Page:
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What are three literary devices Hawthorne uses to communicate the theme of good...

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jaimone | eNotes Newbie

Posted April 17, 2010 at 9:37 AM via web

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What are three literary devices Hawthorne uses to communicate the theme of good emerging from evil in The Scarlet Letter? 

I have identified characterization (Pearl, Hester) and symbolism (the A, rosebush) as two devices used by Hawthorne, but am having difficulty finding a third device with textual support.

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lynnebh | High School Teacher | (Level 3) Senior Educator

Posted April 18, 2010 at 6:49 AM (Answer #1)

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So far, you are doing well! The devices you have mentioned are both excellent.

For your third literary device, how about setting? Throughout the novel, the setting is dark and dismal. The town where Hester lives is between the sea and a black forest. The forest represents evil. Hester often meets with Chillingworth  in the forest and learns of his evil plans. At the end of the novel, however, when Hester moves back to her town, even living in the same cottage, the setting is the same, but there is good coming out of it. Hester returns without Pearl, but the novel intimates that Pearl has most likely gotten married, is living abroad, and even may have a child. She shows that she loves her mother, as Hester is always receiving letters and wonderful items that could only have been purchased by someone wealthy. She is even seen making something for a baby. So out of the evil forest, comes love.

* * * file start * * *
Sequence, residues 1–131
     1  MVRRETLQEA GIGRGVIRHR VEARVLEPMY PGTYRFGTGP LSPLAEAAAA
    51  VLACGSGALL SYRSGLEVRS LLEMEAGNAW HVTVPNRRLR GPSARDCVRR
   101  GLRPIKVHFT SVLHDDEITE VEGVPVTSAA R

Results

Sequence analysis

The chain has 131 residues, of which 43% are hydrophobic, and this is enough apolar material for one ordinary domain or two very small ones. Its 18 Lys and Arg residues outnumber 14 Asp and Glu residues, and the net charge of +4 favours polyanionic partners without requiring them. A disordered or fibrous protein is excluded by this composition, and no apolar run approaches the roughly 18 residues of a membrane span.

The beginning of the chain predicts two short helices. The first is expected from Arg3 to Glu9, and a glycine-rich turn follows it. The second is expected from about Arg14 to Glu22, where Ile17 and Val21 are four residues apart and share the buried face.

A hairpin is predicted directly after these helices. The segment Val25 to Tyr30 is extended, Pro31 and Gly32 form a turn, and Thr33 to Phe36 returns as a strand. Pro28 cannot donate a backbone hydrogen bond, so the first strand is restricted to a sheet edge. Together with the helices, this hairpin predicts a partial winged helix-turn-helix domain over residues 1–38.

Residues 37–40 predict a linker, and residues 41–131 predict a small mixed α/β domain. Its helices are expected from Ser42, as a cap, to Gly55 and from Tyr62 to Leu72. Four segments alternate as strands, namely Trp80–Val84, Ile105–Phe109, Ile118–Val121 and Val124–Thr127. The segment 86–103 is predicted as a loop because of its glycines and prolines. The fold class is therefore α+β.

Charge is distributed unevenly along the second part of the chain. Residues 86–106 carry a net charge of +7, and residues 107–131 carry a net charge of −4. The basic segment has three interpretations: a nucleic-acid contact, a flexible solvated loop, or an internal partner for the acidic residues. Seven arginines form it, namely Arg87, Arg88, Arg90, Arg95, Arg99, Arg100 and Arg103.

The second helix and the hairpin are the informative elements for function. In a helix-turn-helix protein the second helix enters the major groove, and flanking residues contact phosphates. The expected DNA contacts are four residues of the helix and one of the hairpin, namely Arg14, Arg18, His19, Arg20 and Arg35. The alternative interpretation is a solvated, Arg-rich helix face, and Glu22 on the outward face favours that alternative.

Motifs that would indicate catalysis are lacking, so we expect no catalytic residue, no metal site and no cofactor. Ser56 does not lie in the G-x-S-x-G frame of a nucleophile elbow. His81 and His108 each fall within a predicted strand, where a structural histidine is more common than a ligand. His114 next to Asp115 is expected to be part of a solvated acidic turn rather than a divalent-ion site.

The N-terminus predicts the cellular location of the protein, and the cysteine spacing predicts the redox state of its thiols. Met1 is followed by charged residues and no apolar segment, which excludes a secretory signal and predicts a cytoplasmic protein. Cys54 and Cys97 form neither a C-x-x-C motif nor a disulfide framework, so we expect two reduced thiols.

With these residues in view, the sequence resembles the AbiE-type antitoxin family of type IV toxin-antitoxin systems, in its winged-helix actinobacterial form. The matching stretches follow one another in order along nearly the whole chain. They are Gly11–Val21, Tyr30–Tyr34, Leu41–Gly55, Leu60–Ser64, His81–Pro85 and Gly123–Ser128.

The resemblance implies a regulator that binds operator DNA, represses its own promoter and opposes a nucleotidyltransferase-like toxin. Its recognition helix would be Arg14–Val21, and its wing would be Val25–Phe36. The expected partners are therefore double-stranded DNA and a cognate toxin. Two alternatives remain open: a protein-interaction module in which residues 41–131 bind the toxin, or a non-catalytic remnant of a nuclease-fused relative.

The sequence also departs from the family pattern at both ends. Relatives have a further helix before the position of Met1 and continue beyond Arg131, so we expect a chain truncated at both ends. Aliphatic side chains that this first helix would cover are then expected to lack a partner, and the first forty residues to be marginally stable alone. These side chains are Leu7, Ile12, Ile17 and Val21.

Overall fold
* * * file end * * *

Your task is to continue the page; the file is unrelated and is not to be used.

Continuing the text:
But, through the remainder of Hester's life, there were indications that the recluse of the scarlet letter was the object of love and interest with some inhabitant of another land. Letters came, with armorial seals upon them, though of bearings unknown to English heraldry. In the cottage there were articles of comfort and luxury, such as Hester never cared to use, but which only wealth could have purchased, and affection have imagined for her. There were trifles, too, little ornaments, beautiful tokens of a continual remembrance, that must have been wrought by delicate fingers, at the impulse of a fond heart. And, once, Hester was seen embroidering a baby-garment, with such a lavish richness of golden fancy as would have raised a public tumult, had any infant, thus apparelled, been shown to our sober-hued community.

This section comes from the last chapter. You can read an analysis of the novel here on eNotes and there is also an enhanced text.

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